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Storms Bring Relief But Also New Threat for Fires in Washington

The record-breaking wildfire in north-central Washington has caused one death and destroyed 150 homes in the week since it ignited.
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Increased humidity, lower temperatures and calmer winds were welcomed by crews in north-central Washington that are still fighting to keep a wildfire that had been burning for a week under control Monday. But the system moving in could cause also thunderstorms — and lightning could ignite more blazes in coming days, said meteorologist Nick Wiltgen. The existing fire — which has scorched nearly 380 square miles near Okanogan County — was originally sparked by lightning July 14, investigators believe. Four separate blazes caused by the lightning merged to form the largest wildfire in the state's history on Saturday, officials said. The fire was just 2 percent contained Monday, officials said.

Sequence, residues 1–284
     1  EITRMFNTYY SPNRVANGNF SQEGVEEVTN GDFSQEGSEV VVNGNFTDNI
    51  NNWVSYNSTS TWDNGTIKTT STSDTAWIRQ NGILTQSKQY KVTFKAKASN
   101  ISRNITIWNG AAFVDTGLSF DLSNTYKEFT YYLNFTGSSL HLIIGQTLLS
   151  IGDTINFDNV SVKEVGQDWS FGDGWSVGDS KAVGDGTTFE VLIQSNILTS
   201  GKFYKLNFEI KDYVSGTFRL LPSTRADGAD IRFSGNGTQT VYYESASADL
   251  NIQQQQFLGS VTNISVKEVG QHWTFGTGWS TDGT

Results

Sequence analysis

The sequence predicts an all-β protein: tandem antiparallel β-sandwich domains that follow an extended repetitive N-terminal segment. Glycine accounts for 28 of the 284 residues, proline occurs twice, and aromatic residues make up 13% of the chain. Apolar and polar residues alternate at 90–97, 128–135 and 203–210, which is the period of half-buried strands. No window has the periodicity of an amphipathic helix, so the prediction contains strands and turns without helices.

The Carlton Complex fire claimed its first victim on Sunday, said Okanogan County Sheriff Frank Rogers. Rob Koczewski had been fighting to save his home from the flames for days, and died of a heart attack during those efforts, Rogers said. An estimated 200 homes have been destroyed and several towns remained without power and water. Washington State Emergency Management spokesman Mark Clemens said weeks could pass before residents regained electricity in their homes. More than 1,600 firefighter are battling the flames, fire spokesman Andrew Sanbri said. The Washington National Guard is battling the flames from the air with Blackhawks, assisted by the Montana National Guard, which sent 17 troops on Monday.

Chelan HD Productions sent a drone into the air to survey the destruction the wildfire has caused:



— Elisha Fieldstadt